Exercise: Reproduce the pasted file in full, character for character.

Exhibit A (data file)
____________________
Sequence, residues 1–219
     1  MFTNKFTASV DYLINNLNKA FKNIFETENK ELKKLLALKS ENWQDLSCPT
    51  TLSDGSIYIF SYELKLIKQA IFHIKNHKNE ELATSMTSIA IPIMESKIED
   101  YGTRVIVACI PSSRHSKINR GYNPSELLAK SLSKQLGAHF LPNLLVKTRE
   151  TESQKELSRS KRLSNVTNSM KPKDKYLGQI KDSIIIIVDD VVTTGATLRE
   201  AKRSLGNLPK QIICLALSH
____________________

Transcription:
Sequence, residues 1–219
     1  MFTNKFTASV DYLINNLNKA FKNIFETENK ELKKLLALKS ENWQDLSCPT
    51  TLSDGSIYIF SYELKLIKQA IFHIKNHKNE ELATSMTSIA IPIMESKIED
   101  YGTRVIVACI PSSRHSKINR GYNPSELLAK SLSKQLGAHF LPNLLVKTRE
   151  TESQKELSRS KRLSNVTNSM KPKDKYLGQI KDSIIIIVDD VVTTGATLRE
   201  AKRSLGNLPK QIICLALSH